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Subordinate Clauses:

A subordinate clause, which is also known as a dependent clause, augments an


independent clause with more information, but cannot stand alone as a
sentence. Subordinate clauses are extremely useful because they add texture
and depth to your writing. A subordinate clause includes a subject and a verb,
but it cannot stand alone as a sentence. Instead, it simply enhances the
meaning of an independent clause, which is a complete sentence by itself.
In order to introduce a subordinate clause, you must use a subordinating
conjunction, also known as a subordinator. Some subordinators
include when, whenever, if, because, while, and unless.
Below are three examples of subordinate clauses.
1)

You should proofread your essays because demonstrating that you have

strong writing skills is essential to a high grade.


2)

Whenever my English teacher grades our papers, she checks for correct

subject-verb agreement.
3)

I submitted my final essay several hours before the deadline, although I

was tempted to procrastinate and finish it later .


However, subordinate clauses can obscure sentence meanings when they are
placed inappropriately. Be sure that your subordinate clause does not disrupt
the logic and flow of your independent clause.

Clear sentences.

The flight may be delayed for a few hours, if the snow continues to fall at this
rate.
If the snow continues to fall at this rate, the flight may be delayed for a few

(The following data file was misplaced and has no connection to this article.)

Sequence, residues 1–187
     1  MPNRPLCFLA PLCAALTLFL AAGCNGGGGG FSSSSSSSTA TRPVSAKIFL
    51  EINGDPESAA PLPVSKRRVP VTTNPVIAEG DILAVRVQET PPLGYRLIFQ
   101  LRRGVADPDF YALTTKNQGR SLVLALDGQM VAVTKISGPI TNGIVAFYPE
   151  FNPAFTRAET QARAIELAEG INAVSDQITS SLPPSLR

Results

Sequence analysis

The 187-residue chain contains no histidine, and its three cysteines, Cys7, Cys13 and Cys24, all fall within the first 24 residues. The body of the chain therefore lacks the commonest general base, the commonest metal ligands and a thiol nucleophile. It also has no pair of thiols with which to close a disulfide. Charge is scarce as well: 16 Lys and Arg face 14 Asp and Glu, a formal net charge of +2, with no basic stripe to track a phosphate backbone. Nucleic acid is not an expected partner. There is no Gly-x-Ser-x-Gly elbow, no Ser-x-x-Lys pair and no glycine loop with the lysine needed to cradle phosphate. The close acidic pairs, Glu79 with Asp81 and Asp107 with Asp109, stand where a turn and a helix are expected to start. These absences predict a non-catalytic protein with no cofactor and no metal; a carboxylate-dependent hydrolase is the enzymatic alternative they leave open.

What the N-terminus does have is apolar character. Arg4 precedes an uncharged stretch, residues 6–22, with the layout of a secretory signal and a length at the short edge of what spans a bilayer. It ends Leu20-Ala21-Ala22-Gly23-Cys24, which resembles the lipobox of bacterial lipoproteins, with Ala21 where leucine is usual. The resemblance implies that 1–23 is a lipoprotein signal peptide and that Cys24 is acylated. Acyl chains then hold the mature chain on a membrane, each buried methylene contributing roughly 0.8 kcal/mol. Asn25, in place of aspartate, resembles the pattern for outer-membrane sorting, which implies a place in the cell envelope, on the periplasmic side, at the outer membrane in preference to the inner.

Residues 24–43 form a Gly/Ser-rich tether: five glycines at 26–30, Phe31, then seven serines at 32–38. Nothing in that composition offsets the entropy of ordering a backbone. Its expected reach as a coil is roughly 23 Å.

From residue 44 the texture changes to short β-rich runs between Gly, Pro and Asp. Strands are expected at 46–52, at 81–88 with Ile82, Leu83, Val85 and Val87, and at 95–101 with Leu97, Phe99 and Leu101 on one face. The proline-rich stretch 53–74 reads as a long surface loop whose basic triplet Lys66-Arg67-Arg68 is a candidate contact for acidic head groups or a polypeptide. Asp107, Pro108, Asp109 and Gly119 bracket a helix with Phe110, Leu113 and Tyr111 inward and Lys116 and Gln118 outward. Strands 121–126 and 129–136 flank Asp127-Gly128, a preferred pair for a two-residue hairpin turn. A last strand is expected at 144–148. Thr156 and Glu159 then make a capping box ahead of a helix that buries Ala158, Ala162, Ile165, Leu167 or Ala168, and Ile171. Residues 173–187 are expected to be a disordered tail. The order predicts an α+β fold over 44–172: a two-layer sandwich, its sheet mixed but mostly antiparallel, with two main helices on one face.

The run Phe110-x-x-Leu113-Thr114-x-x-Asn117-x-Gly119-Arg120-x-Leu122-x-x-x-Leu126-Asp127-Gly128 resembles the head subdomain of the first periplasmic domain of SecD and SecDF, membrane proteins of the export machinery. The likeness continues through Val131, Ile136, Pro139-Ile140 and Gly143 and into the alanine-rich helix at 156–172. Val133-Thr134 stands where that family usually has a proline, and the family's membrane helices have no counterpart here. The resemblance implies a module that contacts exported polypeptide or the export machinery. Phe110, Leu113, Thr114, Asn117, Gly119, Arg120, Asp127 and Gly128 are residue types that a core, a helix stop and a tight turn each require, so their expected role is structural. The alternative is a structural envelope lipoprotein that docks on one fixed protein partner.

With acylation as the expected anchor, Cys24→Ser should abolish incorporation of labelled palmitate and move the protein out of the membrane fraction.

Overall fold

hours.

Unclear sentences.

The flight, if the snow continues to fall at this rate, may be delayed for a few
hours.
The flight may be delayed, if the snow continues to fall at this rate, for a few
hours.
For a few hours, if the snow continues to fall at this rate, the flight may be
delayed.
Subordinate clauses begin with words that join them to independent clauses;
these words are subordinating conjunctions and relative pronouns.
What words begin subordinate clauses?
Subordinating conjunctions usually begin the adverb subordinate clause.
After
Although
As
As if
As long as
As soon as

As though
Because
Before
Even though
If
In order that

Once
Provided that
Since
So that
Than
Though

Unless
Until
When*
Whenever*
Where*
While

*when and where may also begin adjective or noun subordinate clauses
Relative Pronouns often begin adjective and noun subordinate clauses.
That
How
What

Who
Whom
Which

Whichever
Whoever
Whomever

Whose
Whether
Why

There is only one rule to remember about using subordinate


conjunctions:
A subordinate conjunction performs two functions within a sentence. First, it
illustrates the importance of the independent clause. Second, it provides a

transition between two ideas in the same sentence. The transition always
indicates a place, time, or cause and effect relationship.
For example: We looked in the metal canister, where Ginger often hides her
candy.
Coordinating and Subordinating Conjunctions
Some conjunctions are used simply to join or coordinate clauses, for example,
and, but, or, so. Look at the following example sentences:
We are going to the cinema and spending an evening at the opera. The lending
library closes at 7pm, but the reading rooms stay open until 9pm.
Other conjunctions, however, are used to subordinate one clause to the other
(the main clause). The following pairs of sentences illustrate the different
between coordinating and subordinating conjunctions:
We are going to the cinema and spending an evening at the opera. After going
to the cinema, we are spending an evening at the opera. The lending library
closes at 7pm, but the reading rooms stay open until 9pm. Whereas the
lending library closes at 7pm, the reading rooms stay open until 9pm.